"I really, honest to God, never have thought of infrastructure as being a partisan issue," Biden told reporters. "It's about, I mean, a lot of bridges in West Virginia, a lot of dangerous spots along Route 9, in terms of Cancer Alley. A lot of places where we're having problems all across the country."

The focus on practical problem-solving is intentional. The trial of the former president taking place in the Senate, no matter how consequential for the country, distracts from the work of the new president. Biden's team believes his political success is directly tied to showing concrete results, especially on the pandemic and the economy.

A 100-day clock is ticking on a wide range of campaign pledges, but almost everything Biden has done this week was overshadowed by the emotions and revelations of the impeachment trial. Cable television stations opted for wall-to-wall coverage of the trial over Biden's official appearances or the White House daily press briefing.

Yet the president pushed ahead with his sometimes dry appearances. "My job is to deal with the promises I made. And we all know we have to move on. Today, it's about jobs and infrastructure," Biden told reporters.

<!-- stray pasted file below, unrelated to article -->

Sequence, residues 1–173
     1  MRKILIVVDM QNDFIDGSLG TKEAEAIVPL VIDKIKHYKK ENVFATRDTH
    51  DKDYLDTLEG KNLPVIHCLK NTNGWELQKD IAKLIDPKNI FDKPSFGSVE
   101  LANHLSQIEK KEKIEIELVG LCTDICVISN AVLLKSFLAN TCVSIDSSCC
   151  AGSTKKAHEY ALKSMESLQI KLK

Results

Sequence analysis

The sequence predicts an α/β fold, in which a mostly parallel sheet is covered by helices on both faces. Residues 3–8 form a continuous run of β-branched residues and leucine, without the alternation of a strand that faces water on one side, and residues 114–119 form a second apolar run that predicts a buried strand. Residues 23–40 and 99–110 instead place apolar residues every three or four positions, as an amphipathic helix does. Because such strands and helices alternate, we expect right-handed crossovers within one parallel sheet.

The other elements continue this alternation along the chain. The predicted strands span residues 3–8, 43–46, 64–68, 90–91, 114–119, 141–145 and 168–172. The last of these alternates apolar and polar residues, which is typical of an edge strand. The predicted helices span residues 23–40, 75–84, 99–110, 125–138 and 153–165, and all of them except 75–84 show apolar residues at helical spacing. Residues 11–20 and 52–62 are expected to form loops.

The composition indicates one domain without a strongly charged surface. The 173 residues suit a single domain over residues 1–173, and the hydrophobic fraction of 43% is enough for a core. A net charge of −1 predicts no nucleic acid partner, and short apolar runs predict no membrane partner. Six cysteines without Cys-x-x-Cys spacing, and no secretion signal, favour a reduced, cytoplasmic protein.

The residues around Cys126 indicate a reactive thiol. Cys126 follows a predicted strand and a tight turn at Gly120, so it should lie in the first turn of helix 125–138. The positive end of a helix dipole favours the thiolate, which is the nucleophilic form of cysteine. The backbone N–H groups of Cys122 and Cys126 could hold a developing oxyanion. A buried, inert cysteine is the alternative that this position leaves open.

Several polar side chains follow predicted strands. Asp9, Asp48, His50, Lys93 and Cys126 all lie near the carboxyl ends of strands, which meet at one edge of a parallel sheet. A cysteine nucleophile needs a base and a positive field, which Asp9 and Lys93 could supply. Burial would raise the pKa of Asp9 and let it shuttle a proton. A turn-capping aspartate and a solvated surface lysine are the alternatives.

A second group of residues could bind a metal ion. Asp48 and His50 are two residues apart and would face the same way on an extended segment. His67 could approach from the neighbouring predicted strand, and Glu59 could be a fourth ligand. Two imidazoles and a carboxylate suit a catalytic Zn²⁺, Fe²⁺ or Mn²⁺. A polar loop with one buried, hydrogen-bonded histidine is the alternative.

The split screen between the new president and the old continued throughout the day.

As Biden began a late-afternoon tour of the viral pathogenesis lab, House impeachment managers were wrapping up their case against Trump.

As Senate Majority Leader Charles Schumer, D-N.Y., closed the Senate proceedings for the day and senators prepared for Trump's defense on Friday, reporters traveling with Biden watched as he and Anthony Fauci, the nation's top infectious-disease specialist, got an update from scientists on the vaccine effort.